This oud isn’t dark like Marokes; ain’t airy either. It tends toward green — but brushes more with blue: Think the watery freshness of blue cypress, laced with an aquatic sea breeze saltiness, with an incense note stitching in and out to remind you that this is high grade oud.
Here you’ve got a straight batch of incense quality New Guinea agarwood cooked in a copper-on-top hybrid pot. Depending on how you extract a precious batch of wild New Guinea wood, you’ll get to zoom in on its incense character, or its seashore-earthy coolness, or its guava-green fruity tones. Sultan Mujeeb is a prism that captures all three scent dimensions.
Incense: Pure oud inevitably has a ‘woody’ note hiding somewhere. But not all ouds have the ‘incense’ note. The incense note is a moment when the scent mimics that of raw heated agarwood—the scent of the resin. ‘Woody’ is the scent of the tree or forest—it's very different.
You get different levels of incensy-ness, just like you get different grades of raw chips. Sultan Mujeeb was distilled from decades old wild harvested aloes packed with resin. Put a piece on the burner and you get a smell sold by top-notch Japanese incense houses. But not just any smell…
If you’re a Kodo aficionado or frequently fumigate with agarwood, you know the delicate scales of quality the scent of agarwood smoke ascends through. Some incense connoisseurs spend a whole evening simply in search of a single note! Sultan Mujeeb is an exquisite portrait of high high high quality agarwood chips, slowly heated to release the most subtle scents. And not just that—how many incense houses do you know that offer slivers of wild New Guinea aloes? So, this oil adds a wonderfully eccentric scent to your palette!
Clarity and depth: Remember, we’re talking oud oil here, not oud wood. And all the better! Why? Because oud oil lets you experience scents that normally last seconds, for hours! Incense ceremonies have their place, but if you ask me the scent potential of distilled incense is vaster and even more intoxicating. Instead of a note, Sultan Mujeeb is like an arpeggio that builds up and up and up until you get the blast of a chord.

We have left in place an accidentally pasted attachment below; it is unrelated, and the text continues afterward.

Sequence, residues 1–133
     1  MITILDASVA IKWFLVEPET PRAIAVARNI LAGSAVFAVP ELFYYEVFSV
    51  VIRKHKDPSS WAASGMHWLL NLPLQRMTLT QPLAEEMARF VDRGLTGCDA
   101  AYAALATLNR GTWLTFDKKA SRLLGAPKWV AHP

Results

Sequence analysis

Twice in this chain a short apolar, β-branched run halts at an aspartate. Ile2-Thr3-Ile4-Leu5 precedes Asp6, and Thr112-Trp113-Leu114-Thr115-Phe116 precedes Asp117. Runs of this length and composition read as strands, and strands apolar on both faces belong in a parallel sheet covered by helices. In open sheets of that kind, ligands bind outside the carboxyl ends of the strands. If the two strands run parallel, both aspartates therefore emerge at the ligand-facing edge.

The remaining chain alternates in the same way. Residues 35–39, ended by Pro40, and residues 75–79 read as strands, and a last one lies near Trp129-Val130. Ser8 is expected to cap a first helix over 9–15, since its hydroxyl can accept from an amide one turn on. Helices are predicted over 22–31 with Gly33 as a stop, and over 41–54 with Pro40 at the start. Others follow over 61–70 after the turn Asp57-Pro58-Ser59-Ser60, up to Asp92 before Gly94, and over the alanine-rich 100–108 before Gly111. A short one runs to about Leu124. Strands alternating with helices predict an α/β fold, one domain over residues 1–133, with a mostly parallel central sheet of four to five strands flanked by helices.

In Sultan Mujeeb you don’t only get to smell the incense note of a rare and precious breed of agar, you get to olfactorize that scent to its core. In other words: if you’re a scent junky, this is a high that lasts and lets you delve deep.
Fruits or flowers? Dab yourself with cypress on one arm and blue lotus on the other. Move your nose to and fro: what you’re smelling are fractions of Sultan Mujeeb. Deep green incense notes often come at the expense of floral ones—smoke doesn’t smell like flowers, after all. But again, we’re talking oud here—the richest fragrant microcosm on earth! But to get the flowers through the smoke takes some doing. So, here’s how we did it:
Oud Yusuf is the most floral oud I know of. When I wanted to accentuate the floral notes in Sultan Mujeeb, it didn't take much figuring out: Distill this one Oud Yusuf style! But this was easier said than done. The way Oud Yusuf is extracted is very different to how I normally tackle my New Guinea distills and could compromise the other nuances hidden in the resin. I had to keep the incense and the clarity intact.
Part of the job was to use the same well-water Oud Yusuf gets cooked in. So, it took many back and forths between distilleries before finally lighting the burners. Oud Yusuf is an exclusively copper distilled oud, but going all copper would have tampered with the depth of the incense tones, which is why Sultan Mujeeb passed through a one-of-a-kind hybrid setup to capture its blue-green incense body.
One of the secrets to getting a fully rounded oud scent is to perfect the cooking in one go. In other words, no fractionation. It's common practice to collect the oil at different stages of the distillation—on the first day, the second day, etc. It's an interesting study into how the oud scent develops, but to me each of these fractions is a way to get away from the oudiness of oud.
Now here's the punchline: To get Sultan Mujeeb didn't mean a mere 8-10 day distillation. The extraction ran for over two months straight. No stopping, no fractionation. This is where distillation gets very tricky. To keep all the elements—the flowers, the fruit, the earthy incense—in unison is a 24/7 job.
The first fractions will smell a lot more gentle and floral, but you lose out on so much more that oud can give. The last fraction is almost pure base. But a well rounded, well executed distillation will capture the incense with the flowers with the fruits with the spice. So, imagine an oil artisanally distilled for over two months—the complexity, the aromatic oomph... That's Sultan Mujeeb....